The company hasn’t yet responded to a Friday inquiry on the status of parts.

Like JLR, Volvo noted Chinese manufacturing had reopened.

“Earlier this month Volvo Cars reopened its four manufacturing plants in China after an extended closure period,” Volvo wrote. “Today´s showroom traffic is indicating a return to normal in China’s car market which is clearly demonstrating the advantages of being a globally balanced company.”

What might happen

CCC lead analyst and director Susanna Gotsch had described the impact of another automotive shutdown — the UAW’s GM strike in 2019 — in a Monday analysis of what the COVID-19 coronavirus issue could mean for body shops.

“A survey conducted by CollisionWeek at the time reported four out of five shops surveyed indicated they had seen GM parts’ delays,” Gotsch wrote. “However, only less than two in five of the GM vehicles needing repair were impacted and use of alternative no-OE parts enabled the shops to reduce the overall impact to vehicle delivery times. However, while the GM strike had a more immediate impact on the collision industry given the delay in replacement parts delivery, the coronavirus seems to be impacting the auto industry further upstream where parts are being interrupted for new vehicle manufacture. Additionally, while there were some short–term delays, overall industry-wide data reveals there was limited impact, in part due to the strike duration.”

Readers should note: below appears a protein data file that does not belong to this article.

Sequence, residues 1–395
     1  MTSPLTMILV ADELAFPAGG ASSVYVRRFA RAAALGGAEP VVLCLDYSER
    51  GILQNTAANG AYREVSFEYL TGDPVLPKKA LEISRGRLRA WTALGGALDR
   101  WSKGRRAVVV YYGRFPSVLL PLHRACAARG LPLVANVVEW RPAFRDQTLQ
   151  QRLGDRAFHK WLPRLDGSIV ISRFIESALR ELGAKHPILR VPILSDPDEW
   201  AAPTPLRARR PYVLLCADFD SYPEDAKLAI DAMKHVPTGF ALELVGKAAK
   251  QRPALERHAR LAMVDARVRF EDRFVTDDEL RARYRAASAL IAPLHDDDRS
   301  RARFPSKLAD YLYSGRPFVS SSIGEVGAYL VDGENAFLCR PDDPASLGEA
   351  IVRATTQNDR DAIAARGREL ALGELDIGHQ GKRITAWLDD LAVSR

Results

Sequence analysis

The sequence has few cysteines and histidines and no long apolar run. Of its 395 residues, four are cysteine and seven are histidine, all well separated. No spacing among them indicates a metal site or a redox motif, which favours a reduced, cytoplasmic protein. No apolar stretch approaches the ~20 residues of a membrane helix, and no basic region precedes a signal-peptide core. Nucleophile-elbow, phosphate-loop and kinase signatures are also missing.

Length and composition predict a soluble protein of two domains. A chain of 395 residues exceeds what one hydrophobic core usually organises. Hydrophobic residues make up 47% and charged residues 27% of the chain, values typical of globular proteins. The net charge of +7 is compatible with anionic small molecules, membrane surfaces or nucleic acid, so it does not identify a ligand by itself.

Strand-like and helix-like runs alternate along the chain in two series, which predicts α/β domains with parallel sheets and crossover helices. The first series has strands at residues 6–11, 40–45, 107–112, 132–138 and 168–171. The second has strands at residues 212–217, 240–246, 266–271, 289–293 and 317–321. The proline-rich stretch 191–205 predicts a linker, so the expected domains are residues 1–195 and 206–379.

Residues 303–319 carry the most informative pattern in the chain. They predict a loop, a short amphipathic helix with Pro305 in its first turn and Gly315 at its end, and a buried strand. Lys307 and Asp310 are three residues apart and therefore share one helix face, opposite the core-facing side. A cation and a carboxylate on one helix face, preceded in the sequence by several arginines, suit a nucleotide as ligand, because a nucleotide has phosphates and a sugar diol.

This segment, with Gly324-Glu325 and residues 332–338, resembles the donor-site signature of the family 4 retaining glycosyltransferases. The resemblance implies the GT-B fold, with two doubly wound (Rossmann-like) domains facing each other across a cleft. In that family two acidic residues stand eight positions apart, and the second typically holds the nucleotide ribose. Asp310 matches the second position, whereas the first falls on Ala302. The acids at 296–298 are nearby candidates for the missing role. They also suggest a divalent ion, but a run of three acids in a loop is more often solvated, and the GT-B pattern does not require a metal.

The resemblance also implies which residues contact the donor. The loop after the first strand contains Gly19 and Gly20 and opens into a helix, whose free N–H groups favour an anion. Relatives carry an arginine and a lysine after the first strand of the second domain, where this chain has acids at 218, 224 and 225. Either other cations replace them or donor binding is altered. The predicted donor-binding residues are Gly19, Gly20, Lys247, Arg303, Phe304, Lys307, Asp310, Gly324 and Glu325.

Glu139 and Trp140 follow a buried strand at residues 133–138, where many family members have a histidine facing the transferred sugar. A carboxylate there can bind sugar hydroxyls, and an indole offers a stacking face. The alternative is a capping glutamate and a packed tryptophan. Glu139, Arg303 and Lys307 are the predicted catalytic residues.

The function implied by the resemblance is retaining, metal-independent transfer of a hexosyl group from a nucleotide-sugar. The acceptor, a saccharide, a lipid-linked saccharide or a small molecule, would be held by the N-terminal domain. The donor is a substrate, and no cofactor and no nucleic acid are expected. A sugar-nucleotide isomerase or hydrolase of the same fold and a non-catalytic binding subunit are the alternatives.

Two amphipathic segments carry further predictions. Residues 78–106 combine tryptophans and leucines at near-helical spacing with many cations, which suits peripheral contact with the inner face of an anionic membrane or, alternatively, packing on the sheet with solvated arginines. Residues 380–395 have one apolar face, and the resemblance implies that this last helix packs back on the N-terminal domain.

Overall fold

More information:

“UAW, Detroit 3 to run parts distribution centers with paid volunteers only”

Detroit Free Press, March 20, 2020

“COVID19 – What It Might Mean For Our Industry”

CCC, March 16, 2020

Images:

A General Motors employee works at the brand-new ACDelco and GM Genuine Parts processing center in Burton, Mich., on Aug. 9, 2019. August 5, 2019 in the Flint, Michigan, suburb of Burton. GM says the facility would employ more than 800 and process as many as 120 million service parts annually. (Jeffrey Sauger/for General Motors)

FCA CEO Mike Manley visits the company’s Sterling Heights, Mich., factory on March 17, 2020. meets with workers at the Sterling Heights Assembly Plant in Sterling Heights, Michigan, on Tuesday, March 17. The company announced March 18 that it would close plants because of COVID-19 coronavirus concerns. (Provided by FCA)

Hyundai Motor Manufacturing Alabama is seen. (Provided by Hyundai)

The Lafayette, Ind., Subaru plant is shown. (Provided by Subaru)

A Porsche plant in Stuttgart, Germany, is shown. (Provided by Porsche)

Volkswagen’s Chattanooga, Tenn., factory is shown. (Provided by Volkswagen)